Mike Anderson has built his entire program on speed. Even the nickname for his Tigers smacks of speed: "The Fastest 40 Minutes in Basketball." At no time are the Tigers faster than when they put Phil Pressey and Mike Dixon Jr. on the floor together.
"Speed and quickness," Pressey says when asked what the lineup brings to the floor. "And the ball pressure on defense helps out a lot."
Dixon is listed at 6-foot-1, 180 pounds. Pressey, perhaps generously, checks in at 5-foot-10 and 168. End to end, there may not be a faster duo in the Big 12.
"They're two of the quickest guards you're going to see in our league and maybe in the country," Marcus Denmon said. "With Phil and Mike out there, they just bring a lot of energy on both ends and really can push the ball and get that fast-paced game how we want."
Increasingly, the Tigers are featuring a lineup that has the two point guards on the floor together. It most often happens when Denmon, the Tigers' leading scorer and biggest guard (6-foot-3, 185) takes a breather.
"I think it's an advantage any time me and Phil are on the court. Guys might be bigger than us, but they've got to put the ball on the floor," Dixon said. "There's not really too many guards in the Big 12 that take guys in the post. I think it's an advantage and I love playing with Phil."
Anderson says Tiger fans will see the pair together more and more often as the season goes on. But he does admit the lineup could hinder the Tigers in one area.
"Mike can guard a bigger guy, Phil can and hopefully it can work to our advantage," the coach said. "I think where the disadvantage comes at is especially on the rebounding part of it. Can they get in there and come up with some of those rebounds that are below the rim?"
In Missouri's last game, an 87-54 thumping of Iowa State, that was not an issue. The Tigers grabbed a season-high 61 rebounds. Pressey had four and Dixon led all players on either team with a career-high eight.
"I don't think it's that much of a problem except maybe rebounding, but me and Mike can take care of our own," Pressey said. "In practice we guard guys like Marcus who's a lot bigger than us. We're used to guarding bigger guards."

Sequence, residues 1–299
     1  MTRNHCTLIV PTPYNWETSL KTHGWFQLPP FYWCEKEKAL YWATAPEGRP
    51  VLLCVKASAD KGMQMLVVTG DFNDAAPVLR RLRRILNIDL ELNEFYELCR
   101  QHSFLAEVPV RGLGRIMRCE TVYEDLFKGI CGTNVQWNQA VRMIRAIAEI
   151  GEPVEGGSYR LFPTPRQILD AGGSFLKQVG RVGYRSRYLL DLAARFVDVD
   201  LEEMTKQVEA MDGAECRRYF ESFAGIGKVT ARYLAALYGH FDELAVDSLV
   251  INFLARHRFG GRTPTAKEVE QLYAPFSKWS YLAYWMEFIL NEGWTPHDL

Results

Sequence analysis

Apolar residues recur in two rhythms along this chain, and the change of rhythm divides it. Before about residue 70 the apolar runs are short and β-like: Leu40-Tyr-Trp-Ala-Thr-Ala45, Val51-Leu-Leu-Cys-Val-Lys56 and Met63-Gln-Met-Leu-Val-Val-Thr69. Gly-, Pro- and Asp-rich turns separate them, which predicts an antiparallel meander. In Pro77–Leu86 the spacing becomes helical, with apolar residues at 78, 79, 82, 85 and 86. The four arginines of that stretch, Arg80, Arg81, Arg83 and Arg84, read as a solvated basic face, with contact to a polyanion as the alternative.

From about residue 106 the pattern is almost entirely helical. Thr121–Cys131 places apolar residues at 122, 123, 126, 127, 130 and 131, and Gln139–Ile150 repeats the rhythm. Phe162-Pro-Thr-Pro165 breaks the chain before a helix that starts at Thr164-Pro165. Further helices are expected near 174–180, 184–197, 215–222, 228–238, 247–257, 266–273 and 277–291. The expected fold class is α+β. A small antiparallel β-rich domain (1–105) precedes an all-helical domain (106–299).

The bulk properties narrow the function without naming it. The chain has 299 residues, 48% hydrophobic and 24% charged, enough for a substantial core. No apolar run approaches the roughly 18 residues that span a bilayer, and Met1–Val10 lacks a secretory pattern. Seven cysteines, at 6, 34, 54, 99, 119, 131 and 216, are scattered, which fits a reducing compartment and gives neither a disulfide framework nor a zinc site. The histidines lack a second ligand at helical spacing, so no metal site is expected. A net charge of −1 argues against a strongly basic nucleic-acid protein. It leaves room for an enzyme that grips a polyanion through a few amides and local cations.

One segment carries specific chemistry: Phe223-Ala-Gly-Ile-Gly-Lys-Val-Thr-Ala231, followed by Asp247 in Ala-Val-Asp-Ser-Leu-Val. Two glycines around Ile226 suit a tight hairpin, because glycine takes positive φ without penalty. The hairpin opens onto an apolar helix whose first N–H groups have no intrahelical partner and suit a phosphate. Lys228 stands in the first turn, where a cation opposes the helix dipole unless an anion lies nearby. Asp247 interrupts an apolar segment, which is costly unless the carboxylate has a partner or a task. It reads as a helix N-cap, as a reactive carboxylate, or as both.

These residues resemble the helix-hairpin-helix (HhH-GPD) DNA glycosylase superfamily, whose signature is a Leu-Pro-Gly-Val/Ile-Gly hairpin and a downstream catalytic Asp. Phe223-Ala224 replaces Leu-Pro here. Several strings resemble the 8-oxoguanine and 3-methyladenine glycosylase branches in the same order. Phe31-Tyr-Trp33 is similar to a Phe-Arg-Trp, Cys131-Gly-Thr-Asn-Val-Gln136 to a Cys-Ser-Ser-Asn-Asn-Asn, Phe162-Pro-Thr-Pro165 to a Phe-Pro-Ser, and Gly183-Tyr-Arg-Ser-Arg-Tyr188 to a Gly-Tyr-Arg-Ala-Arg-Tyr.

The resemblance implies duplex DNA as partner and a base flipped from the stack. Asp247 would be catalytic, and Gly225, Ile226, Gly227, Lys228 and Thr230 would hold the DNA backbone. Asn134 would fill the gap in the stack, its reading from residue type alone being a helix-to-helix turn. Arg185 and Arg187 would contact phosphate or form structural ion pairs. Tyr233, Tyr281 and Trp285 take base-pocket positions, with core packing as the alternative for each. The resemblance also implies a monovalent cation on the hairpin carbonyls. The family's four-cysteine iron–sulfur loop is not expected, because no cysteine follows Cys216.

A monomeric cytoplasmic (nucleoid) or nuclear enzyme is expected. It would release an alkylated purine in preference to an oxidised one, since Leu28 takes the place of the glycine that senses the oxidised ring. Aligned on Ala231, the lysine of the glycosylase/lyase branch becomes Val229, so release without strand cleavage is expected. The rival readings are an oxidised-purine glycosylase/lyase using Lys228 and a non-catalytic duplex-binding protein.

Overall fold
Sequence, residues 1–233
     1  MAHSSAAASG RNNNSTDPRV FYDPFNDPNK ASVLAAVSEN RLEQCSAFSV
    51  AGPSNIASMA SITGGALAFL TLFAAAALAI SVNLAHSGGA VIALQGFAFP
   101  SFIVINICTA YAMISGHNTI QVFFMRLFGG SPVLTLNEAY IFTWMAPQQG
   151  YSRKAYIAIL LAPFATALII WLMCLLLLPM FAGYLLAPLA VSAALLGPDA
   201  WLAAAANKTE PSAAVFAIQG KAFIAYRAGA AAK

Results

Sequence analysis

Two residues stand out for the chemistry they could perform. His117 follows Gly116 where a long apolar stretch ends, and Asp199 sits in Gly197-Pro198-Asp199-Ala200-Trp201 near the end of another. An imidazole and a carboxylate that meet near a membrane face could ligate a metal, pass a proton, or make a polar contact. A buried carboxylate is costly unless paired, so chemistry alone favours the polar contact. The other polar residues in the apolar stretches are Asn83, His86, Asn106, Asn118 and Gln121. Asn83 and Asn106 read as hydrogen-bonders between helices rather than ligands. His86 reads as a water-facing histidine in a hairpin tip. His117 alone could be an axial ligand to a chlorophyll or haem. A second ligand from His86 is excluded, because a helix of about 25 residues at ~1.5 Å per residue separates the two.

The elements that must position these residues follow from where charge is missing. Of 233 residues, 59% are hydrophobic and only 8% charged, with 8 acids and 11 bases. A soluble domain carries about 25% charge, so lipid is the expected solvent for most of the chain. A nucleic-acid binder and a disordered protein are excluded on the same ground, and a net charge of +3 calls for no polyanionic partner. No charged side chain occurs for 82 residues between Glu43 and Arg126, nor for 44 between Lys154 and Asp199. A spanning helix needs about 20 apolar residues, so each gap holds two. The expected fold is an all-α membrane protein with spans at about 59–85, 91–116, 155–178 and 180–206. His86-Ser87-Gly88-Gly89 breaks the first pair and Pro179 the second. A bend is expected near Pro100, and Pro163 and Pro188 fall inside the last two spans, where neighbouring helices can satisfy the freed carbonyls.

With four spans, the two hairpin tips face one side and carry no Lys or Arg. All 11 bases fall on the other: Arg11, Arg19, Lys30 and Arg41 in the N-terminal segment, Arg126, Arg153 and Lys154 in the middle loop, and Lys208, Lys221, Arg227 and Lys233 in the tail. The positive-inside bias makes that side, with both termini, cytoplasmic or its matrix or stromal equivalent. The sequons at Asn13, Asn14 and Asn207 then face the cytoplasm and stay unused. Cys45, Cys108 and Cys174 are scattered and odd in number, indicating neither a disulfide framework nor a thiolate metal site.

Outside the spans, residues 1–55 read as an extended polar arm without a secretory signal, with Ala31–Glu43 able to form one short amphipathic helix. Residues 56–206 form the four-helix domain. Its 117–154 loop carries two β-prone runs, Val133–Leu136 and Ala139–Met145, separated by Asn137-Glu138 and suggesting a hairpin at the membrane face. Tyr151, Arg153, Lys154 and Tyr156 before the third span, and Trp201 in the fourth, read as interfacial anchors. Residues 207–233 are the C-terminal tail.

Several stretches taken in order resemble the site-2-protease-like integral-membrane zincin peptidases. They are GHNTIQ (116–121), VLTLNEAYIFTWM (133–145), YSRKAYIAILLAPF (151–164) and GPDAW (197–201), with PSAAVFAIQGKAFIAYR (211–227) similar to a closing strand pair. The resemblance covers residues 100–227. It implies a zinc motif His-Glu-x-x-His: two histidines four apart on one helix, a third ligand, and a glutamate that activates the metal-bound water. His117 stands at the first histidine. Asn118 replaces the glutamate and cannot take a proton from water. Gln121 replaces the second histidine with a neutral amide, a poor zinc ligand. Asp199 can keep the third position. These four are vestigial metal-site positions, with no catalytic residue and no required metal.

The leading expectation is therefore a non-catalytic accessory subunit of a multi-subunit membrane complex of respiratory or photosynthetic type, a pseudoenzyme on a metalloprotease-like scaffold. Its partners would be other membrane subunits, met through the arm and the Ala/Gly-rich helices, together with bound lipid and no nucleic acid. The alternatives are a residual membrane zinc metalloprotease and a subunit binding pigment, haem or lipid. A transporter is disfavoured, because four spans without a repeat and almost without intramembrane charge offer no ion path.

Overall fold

Pressey and Dixon are not the only players who have benefited from the luxury of having two point guards. Junior forward Laurence Bowers has recently been switched to the Tigers' second-line to help add offensive production off the bench and has teamed with Pressey on a number of highlight reel plays.
"Love playing with Phil," Bowers said. "I lost Miguel Paul last year and I was kind of skeptical, worried about who would be my guy that I have a lot of chemistry with, but he definitely filled that void."
The two point guards are combining to average 16.5 points, 4.1 rebounds and just over seven assists per game. Dixon is fourth in the league in assists and Pressey is eighth. It is a one-two punch few teams can match.
"It's a good combo that we have," Pressey said. "Now that I think about it, you can't think of any other one-two point guards like me and Mike."
"The Big 12 has really good guard play," added Denmon. "I really don't know from all the teams that we've played, but I'd take mine against any other teams in the Big 12."
One team that can match the Tigers' backcourt depth is the Texas Longhorns, Missouri's opponent on Saturday. Dogus Balbay, J'Covan Brown and Cory Joseph average a combined 25 points, 9.3 rebounds and 7.7 assists in 70 minutes per game.
"Balbay is more experienced, he's doing a great job of orchestrating everything. The Brown kid, played great against Kansas. They got Jai Lucas, another guy that just got there. They've had some time with these guys and, of course, Cory Joseph was a McDonald's all-American, great player," Anderson said. "They've got some guys that can do some things and of course you've got (Jordan) Hamilton who's nothing but a big guard."
Dixon and Pressey will have a chance to prove their talents on Saturday in Austin. The Horns have won 11 of their last 12 and are unbeaten in conference play. Texas has played five league games with an average margin of victory of 19.6 points per contest and no opponent has come closer than 11 points in the league so far.
"This," Anderson said, "is the ultimate challenge."
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